New Jersey will offer in the next few weeks nearly $1 billion of refunding and new-money debt backed by the state.
The New Jersey Transportation Trust Fund Authority today will complete a $350 million deal that officials postponed last month after pricing for retail investors on April 27. The transaction now includes $270 million of taxable Build America Bonds and $82.4 million of tax-exempt capital appreciation bonds.
Nancy Feldman, the state's public finance director, said the BABs should generate a lower borrowing cost for the authority and that the authority needed to include a portion of CABs, which are not eligible for the BAB program. The additional time it took let the state examine BABs, which are taxable securities that offer issuers a 35% federal subsidy on interest costs or a 35% tax credit to investors.
"We evaluated BABs," Feldman said. "They started being issued by the [New Jersey Turnpike Authority] and California. And now that we have the information that we need, we've evaluated it, and we've determined that they could be a significantly better cost of capital."
Merrill Lynch & Co. is senior manager on the deal. McManimon & Scotland LLC is bond counsel, and A.C. Advisory Inc. is the authority's financial adviser.
The entire $270 million of BABs will mature in 2039, and the Series 2009A CABs offer serial maturities from 2032 to 2039, excluding 2035 and 2037, according to the preliminary official statement. The bond proceeds will help finance roadway and bridge improvements throughout the state.
A Series 2009AA $186.8 million school facilities construction refunding sale is to follow the transportation issue. The New Jersey Economic Development Authority is the conduit issuer for school construction bonds, which, like the transportation authority bonds, are subject to appropriation.
Morgan Stanley tomorrow will price the refunding debt. Wolff & Samson PC is bond counsel, and P.G. Corbin & Co. is the financial adviser.
The Series 2009AA bonds include serial maturities in 2018 and 2020 along with two term maturities in 2028 and 2033, according to the POS. Except for outstanding variable-rate bonds that are hedged with a swap, officials are reviewing all the authority's prior school construction bonds for potential refunding candidates.
The transaction should generate $55 million of savings for the state in fiscal 2009, which ends June 30, and more than $100 million of savings in fiscal 2010, according to Feldman.
In addition, officials anticipate competitively pricing $250 million of school construction notes during the second week of June. This would be the first note sale for the school facility program, and the Treasury Department plans to set the interest rate before pricing, with the rate not to exceed 6%. Officials have used this methodology with its tax and revenue anticipation notes.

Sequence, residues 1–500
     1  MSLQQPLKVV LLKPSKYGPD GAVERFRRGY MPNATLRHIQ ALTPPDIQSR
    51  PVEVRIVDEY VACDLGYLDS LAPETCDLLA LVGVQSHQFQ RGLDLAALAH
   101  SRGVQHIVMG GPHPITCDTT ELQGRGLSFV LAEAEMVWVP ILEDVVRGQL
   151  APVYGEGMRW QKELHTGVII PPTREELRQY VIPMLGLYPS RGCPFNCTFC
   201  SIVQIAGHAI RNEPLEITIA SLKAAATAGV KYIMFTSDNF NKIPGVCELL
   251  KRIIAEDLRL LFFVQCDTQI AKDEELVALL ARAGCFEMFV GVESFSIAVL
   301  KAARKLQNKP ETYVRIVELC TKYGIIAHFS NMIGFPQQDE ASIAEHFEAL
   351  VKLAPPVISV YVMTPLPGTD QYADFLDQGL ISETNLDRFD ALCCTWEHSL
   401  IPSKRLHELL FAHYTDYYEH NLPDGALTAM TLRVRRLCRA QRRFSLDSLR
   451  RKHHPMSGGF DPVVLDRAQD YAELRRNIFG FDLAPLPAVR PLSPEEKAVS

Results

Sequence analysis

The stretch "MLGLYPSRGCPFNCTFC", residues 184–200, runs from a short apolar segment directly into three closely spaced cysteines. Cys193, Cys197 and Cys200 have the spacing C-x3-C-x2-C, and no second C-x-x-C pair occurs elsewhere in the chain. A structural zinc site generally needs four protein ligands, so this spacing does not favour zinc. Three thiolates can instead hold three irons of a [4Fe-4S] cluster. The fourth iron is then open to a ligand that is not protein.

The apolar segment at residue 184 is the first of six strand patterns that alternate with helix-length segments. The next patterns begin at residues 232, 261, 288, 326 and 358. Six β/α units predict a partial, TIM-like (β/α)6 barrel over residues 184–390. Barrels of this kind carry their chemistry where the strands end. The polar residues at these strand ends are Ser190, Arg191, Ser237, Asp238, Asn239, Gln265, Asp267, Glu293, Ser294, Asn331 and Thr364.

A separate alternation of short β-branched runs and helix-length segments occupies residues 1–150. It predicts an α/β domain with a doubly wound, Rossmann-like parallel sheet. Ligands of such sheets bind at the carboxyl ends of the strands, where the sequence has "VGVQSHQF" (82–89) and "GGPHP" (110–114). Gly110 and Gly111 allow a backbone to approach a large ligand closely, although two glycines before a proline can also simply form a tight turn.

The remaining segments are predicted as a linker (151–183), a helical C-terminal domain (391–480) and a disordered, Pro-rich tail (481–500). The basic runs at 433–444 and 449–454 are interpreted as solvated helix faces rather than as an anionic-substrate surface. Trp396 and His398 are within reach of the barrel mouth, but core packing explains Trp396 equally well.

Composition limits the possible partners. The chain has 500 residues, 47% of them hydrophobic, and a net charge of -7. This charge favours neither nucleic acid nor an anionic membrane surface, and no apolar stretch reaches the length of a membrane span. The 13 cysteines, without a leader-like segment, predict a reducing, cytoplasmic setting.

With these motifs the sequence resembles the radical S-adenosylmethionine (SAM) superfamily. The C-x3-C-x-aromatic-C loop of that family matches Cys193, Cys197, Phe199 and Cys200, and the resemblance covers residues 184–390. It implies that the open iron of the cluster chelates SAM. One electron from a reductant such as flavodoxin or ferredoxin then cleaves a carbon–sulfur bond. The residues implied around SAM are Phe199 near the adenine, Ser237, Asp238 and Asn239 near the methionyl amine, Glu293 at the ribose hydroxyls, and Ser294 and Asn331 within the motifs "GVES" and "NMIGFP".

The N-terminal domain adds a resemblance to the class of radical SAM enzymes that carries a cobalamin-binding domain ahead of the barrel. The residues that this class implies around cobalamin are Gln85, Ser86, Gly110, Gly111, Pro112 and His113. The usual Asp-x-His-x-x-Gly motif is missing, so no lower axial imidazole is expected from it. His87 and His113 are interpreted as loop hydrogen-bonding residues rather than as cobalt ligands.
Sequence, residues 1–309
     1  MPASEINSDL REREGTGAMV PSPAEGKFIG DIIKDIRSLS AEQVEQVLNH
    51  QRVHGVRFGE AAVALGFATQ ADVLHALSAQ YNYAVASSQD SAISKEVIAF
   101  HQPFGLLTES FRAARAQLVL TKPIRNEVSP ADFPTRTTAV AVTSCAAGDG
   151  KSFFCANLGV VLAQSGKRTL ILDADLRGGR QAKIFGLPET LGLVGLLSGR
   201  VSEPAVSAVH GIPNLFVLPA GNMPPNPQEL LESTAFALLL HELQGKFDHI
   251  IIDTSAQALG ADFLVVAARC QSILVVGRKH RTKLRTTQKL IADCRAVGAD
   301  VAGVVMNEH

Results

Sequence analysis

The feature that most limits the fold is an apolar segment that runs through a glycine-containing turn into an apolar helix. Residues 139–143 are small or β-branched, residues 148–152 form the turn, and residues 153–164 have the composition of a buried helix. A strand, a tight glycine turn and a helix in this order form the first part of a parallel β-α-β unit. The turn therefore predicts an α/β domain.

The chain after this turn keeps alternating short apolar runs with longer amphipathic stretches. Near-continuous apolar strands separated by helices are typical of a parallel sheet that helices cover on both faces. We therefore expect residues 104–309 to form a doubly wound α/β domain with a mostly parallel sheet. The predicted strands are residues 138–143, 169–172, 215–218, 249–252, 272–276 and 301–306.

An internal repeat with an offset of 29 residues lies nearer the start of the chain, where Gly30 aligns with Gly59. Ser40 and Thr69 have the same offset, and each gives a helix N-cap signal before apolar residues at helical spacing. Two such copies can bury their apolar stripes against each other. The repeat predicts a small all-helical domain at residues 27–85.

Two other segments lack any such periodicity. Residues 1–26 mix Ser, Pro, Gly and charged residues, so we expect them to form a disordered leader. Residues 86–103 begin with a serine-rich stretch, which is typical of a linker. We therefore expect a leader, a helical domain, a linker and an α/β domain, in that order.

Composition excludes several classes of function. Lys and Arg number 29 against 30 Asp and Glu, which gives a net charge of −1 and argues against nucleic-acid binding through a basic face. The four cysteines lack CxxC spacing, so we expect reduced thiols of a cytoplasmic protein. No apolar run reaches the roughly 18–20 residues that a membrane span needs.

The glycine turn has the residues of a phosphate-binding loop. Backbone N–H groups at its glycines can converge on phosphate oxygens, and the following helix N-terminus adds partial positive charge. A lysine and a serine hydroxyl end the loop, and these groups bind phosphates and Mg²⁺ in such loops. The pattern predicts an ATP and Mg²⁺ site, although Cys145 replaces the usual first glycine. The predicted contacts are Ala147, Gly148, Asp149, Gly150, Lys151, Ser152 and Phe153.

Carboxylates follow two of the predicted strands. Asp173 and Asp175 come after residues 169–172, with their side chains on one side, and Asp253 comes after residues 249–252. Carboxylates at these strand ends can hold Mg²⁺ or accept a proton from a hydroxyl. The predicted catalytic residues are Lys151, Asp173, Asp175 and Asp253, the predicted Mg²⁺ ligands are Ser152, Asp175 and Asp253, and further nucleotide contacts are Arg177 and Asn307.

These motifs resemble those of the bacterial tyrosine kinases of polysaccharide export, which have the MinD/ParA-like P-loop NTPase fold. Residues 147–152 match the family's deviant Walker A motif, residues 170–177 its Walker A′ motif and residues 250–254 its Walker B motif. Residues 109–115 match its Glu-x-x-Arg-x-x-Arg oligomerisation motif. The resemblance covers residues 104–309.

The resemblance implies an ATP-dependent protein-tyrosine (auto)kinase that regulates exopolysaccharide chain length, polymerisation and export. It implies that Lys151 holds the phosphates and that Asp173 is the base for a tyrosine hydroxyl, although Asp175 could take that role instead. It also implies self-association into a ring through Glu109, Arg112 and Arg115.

"It is felt that this method for conducting a competitive sale of a series of 2009 notes will broaden the base of the potential bidders, resulting in a more competitive bid and a lower overall borrowing cost," according to Economic Development Authority documents.
The authority also plans to issue $200 million of new-money school construction bonds after the fiscal 2010 budget is approved. Those bonds were originally set to price in early May.
Meantime, the authority recently entered into a fixed-to-floating-rate swap with Deutsche Bank AG, with the NJEDA paying 62% of one-month Libor plus 40 basis points and receiving a fixed rate of 1.11%, according to the POS. This swap, which lasts two years, will help offset a variable-to-fixed-rate swap with Royal Bank of Canada that began on May 1. In that agreement, the authority pays a fixed rate of 4.51% and receives 62% of one-month Libor plus 40 basis points.
"Taken together, the two swap agreements will net to a fixed cost of 3.3934% for the next two years," according to the NJEDA documents.
The state will also head to market next week with about $225 million of general obligation refinancing bonds to help generate debt service savings in fiscal 2010. Officials expect to offer the refinancing bonds through competitive bid.
Along with the bond sales mentioned above, Treasury officials are also reviewing proposals for a potential $2 billion, short-term line of credit to help meet cash-flow needs.
New Jersey carries Aa3 and AA ratings from Moody's Investors Service and Standard & Poor's. Fitch Ratings assigns its AA-minus rating to the credit. Bonds backed by the state's appropriation pledge carry ratings one notch below New Jersey's GO rating.